According to Becker, ‘it may be imagined that the picked men of Monaghan are not very pleased at playing second fiddle to an electioneering scheme’.

However, the ‘Ulster men’ were hard working and he records that, ‘they displayed a great deal of earnestness at Lough Mask House this morning’, adding that, ‘in the midst of a hurricane a large number of them went bravely out to a potato field and worked with a conscience at getting out the national vegetables, which ran a risk of being completely spoiled by the rain.’

Others in the rescue party were observed in a barn, threshing ‘Mr Boycott’s oats’ with a ‘Tiny’ threshing machine. As to the ‘opinion’ of Mr Boycott, we are told, he exhibited ‘no profuse gratitude towards the officious persons who have come to help him, thinking probably that he would have been nearly as well without them. Thanks to his obstructive assistants he is almost overwhelmed with sympathisers gifted by nature with tremendous appetites’.

For his own safety, Boycott stayed away from Lough Mask for 12 months until the anger subsided.

When the Cavan branch of the Land League met under chairman Gannon in December 1880, they were presumably peeved over the gallant Captain Somerset Maxwell’s rescue expedition of Boycott’s produce.

An editorial in this newspaper in the same month, criticised those who opposed boycotting. A relative of Maxwell, the 9th Lord Farnham responded toThe Anglo-Celt’sletter in a reply, which was published in the Cavan Weekly News in January 1881.

Farnham wrote: ‘Shame on you, Mr Editor (The Anglo-Celt), that you devote more than two columns of your last paper to a vituperative attack on me and yet not find within your breast a heart to dictate one word to your editorial pen in the way of arraignment or condemnation of this accursed system of terrorism, or of the uplifting arm of the Irish Land League to put forth its gigantic power, with such huge effect, to unhinge the everyday domestic and commercial arrangements of man with man.’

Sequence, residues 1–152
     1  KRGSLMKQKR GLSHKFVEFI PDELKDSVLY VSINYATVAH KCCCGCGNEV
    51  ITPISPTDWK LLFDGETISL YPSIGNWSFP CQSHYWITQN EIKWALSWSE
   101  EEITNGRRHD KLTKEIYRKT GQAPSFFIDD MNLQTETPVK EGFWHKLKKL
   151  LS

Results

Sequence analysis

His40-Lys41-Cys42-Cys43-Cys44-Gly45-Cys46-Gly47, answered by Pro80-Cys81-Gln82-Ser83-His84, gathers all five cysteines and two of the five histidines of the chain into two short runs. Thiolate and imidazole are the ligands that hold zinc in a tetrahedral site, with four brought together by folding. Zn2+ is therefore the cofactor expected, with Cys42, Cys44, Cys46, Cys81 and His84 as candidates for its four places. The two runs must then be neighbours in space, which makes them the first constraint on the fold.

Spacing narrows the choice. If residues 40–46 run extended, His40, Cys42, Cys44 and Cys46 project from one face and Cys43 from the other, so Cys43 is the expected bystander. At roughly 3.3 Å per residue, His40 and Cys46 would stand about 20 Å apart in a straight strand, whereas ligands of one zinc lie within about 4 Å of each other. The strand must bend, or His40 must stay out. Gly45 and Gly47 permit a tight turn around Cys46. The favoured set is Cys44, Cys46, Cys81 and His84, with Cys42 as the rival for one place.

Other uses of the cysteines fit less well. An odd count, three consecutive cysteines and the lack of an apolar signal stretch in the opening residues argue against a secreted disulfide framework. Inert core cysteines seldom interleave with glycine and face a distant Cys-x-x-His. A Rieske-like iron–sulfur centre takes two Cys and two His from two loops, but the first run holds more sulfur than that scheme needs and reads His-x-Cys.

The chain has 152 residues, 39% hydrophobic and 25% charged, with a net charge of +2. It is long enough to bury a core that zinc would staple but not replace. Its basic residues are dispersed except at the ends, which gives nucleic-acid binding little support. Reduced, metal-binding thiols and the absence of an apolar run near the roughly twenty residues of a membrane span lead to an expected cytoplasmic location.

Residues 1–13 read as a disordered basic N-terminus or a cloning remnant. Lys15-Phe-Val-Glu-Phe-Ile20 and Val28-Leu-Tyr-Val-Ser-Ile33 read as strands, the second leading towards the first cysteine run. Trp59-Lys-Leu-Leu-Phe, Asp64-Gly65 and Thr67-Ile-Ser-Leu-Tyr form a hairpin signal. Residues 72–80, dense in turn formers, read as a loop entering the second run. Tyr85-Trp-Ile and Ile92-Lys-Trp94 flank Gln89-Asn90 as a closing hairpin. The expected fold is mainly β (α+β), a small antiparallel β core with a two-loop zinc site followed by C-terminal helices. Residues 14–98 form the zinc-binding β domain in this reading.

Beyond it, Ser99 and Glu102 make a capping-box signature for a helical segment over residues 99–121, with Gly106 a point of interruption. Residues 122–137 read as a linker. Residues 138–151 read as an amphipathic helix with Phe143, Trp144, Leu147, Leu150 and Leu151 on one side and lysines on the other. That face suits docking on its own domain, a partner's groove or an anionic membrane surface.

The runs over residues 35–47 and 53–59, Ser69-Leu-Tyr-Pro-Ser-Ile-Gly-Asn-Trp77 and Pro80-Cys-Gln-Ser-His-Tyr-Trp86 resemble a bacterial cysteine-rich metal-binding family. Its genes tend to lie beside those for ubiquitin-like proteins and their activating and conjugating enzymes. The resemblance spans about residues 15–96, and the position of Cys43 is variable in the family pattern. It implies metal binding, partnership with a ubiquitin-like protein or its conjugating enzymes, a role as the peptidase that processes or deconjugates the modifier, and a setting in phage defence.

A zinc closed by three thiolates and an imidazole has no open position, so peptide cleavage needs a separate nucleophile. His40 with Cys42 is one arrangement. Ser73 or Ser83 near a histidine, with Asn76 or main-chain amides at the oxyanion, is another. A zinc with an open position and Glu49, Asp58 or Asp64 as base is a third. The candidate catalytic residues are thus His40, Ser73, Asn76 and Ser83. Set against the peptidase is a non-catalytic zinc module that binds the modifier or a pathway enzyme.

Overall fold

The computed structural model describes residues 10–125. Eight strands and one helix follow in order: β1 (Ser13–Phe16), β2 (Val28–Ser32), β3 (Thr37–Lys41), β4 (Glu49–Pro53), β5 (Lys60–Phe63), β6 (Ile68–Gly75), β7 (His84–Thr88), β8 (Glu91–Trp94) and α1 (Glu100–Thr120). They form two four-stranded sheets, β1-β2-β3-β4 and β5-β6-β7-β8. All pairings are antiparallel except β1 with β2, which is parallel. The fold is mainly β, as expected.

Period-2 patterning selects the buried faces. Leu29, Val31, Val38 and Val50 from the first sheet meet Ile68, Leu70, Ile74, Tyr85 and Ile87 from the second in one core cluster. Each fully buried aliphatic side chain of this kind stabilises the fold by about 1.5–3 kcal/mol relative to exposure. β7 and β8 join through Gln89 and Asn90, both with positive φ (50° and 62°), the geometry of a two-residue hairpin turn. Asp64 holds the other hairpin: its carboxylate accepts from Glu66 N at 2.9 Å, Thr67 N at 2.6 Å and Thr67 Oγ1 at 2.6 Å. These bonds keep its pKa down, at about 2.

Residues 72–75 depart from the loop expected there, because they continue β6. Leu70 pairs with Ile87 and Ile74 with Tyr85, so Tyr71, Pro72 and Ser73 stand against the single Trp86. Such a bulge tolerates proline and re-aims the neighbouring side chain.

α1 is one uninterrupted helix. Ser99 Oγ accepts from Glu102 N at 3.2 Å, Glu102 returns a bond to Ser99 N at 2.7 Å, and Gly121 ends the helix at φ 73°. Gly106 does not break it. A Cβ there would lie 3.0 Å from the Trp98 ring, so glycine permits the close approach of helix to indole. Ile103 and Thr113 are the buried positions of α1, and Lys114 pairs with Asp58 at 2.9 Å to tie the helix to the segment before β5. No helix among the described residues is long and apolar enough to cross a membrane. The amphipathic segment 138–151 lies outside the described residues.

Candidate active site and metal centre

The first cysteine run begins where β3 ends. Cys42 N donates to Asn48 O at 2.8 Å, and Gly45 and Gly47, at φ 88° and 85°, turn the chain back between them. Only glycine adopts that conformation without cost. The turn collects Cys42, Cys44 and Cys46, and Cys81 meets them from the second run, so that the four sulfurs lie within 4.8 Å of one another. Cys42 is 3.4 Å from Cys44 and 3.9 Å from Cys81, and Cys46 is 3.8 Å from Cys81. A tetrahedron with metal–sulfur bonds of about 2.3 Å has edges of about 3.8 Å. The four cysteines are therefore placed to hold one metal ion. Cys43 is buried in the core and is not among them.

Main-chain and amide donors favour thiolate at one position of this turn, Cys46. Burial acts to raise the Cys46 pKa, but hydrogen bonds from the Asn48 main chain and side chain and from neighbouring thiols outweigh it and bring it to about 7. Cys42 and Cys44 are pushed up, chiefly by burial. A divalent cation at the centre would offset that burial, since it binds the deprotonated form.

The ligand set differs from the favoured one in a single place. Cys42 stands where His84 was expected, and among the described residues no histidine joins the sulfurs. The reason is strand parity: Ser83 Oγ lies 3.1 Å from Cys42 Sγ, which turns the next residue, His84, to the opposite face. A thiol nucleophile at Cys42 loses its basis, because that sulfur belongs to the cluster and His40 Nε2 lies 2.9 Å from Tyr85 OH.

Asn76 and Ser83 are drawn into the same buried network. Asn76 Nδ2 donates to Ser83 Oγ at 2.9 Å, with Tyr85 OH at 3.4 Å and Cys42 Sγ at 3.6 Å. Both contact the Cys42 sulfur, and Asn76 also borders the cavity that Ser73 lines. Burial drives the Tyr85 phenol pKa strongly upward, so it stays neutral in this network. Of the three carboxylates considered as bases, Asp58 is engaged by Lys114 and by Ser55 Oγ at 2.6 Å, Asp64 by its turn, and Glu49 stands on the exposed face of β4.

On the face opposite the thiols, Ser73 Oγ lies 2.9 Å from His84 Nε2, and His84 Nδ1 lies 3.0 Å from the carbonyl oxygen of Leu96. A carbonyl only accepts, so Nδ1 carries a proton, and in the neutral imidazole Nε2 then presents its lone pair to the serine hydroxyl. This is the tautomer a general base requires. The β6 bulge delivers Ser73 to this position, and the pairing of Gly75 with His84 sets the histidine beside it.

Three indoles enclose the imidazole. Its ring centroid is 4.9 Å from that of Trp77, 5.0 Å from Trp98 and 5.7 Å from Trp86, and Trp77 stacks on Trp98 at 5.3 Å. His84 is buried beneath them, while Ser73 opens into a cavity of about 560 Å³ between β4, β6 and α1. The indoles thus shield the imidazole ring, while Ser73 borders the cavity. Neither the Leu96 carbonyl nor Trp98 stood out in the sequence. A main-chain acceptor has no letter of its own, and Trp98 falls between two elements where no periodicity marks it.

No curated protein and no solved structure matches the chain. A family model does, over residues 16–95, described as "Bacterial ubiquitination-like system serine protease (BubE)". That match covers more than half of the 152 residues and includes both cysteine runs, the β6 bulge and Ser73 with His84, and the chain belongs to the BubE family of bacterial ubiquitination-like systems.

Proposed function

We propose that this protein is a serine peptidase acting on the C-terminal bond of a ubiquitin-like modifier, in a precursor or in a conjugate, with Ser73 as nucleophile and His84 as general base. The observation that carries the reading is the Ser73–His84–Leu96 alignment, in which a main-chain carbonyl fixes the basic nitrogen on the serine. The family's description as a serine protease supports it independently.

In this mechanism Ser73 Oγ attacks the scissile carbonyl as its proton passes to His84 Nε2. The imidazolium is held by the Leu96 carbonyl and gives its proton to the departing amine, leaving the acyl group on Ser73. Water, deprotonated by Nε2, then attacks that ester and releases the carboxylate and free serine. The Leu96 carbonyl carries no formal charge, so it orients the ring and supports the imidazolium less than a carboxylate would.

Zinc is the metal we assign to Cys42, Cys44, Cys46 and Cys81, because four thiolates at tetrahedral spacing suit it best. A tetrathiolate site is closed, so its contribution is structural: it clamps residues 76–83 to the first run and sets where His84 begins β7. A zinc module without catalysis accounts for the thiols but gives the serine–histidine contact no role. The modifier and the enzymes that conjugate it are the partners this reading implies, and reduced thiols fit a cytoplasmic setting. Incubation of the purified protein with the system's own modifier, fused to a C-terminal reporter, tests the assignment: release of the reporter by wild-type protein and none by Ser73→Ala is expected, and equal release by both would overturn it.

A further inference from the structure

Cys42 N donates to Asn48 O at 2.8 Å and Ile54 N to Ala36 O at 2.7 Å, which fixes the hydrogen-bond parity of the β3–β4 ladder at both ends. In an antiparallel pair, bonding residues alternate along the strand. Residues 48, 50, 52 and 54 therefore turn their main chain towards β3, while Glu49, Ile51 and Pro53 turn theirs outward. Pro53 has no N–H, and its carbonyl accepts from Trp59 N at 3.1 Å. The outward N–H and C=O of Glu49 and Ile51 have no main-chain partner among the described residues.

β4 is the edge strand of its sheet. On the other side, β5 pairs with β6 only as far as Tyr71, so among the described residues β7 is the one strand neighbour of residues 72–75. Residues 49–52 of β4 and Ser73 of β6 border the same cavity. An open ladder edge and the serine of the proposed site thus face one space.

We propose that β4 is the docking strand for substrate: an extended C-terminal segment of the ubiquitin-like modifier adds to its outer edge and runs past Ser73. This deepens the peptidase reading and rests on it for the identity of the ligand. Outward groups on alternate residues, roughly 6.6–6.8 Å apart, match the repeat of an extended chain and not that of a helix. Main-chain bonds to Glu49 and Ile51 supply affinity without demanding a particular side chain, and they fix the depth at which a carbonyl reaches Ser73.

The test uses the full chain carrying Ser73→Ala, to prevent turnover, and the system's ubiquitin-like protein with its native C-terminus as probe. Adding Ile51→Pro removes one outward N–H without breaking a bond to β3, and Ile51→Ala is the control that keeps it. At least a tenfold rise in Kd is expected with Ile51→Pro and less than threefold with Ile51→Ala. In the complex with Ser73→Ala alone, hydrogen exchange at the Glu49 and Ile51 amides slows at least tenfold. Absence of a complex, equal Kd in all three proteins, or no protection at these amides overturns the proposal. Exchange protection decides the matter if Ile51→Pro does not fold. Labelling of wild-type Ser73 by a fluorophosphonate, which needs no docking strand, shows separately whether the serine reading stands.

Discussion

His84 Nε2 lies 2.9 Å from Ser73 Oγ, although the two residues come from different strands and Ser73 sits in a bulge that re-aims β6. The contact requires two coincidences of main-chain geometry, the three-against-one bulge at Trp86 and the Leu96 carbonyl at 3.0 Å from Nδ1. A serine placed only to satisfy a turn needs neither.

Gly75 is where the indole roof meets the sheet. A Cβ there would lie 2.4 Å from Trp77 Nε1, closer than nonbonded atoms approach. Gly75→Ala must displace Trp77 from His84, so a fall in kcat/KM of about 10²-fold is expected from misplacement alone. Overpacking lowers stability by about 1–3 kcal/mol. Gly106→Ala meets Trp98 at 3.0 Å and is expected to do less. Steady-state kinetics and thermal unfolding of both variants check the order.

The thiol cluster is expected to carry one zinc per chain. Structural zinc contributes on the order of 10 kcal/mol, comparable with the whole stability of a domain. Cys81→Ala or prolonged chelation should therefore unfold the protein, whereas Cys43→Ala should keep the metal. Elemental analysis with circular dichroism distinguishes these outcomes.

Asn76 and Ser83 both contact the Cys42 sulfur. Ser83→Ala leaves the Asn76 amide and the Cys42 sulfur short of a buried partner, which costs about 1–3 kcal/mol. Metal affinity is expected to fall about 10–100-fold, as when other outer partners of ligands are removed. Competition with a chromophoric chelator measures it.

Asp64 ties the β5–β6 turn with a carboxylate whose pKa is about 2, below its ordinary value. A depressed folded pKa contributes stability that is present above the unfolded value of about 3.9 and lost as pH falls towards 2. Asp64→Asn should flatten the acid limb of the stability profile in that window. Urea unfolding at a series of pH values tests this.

I imagine that Lord Farnham was not best pleased.



On July 22nd, 1888, ‘The Memphis Daily Appeal’, published an article titled ‘Miniature Men’, which listed a selection of people celebrated for being of very low stature. Amongst the famous ‘dwarves’ listed in the American paper, there was Owen Farrell from Cavan who stood at a height of ‘three feet nine inches’. Farrell had been a footman for a colonel in Dublin and thereafter began to publicly exhibit himself, travelling to London, as the ‘Irish Dwarf’.

Although small, he had the strength of two men and apparently could carry four men at once, with two seated on each arm.

A surgeon later offered Farrell a weekly pittance in return for his body when he died. Farrell died in 1742, and his skeleton now resides in the ‘Museum of the University of Glasgow’.

Other men mentioned in ‘The Memphis Daily Appeal’, include Prince Colobri of Schleswig, at 25 inches; Bebe, two feet, nine inches; General Tom Thumb, 25 inches; and Sir Geoffrey Hudson, 18 inches(1619-1678). Also mentioned, were two dwarves, then aged 50 years old, in the employ of P.T. Barnum (the Greatest Showman). They were billed by Barnum as the ‘Wild Men of Borneo’.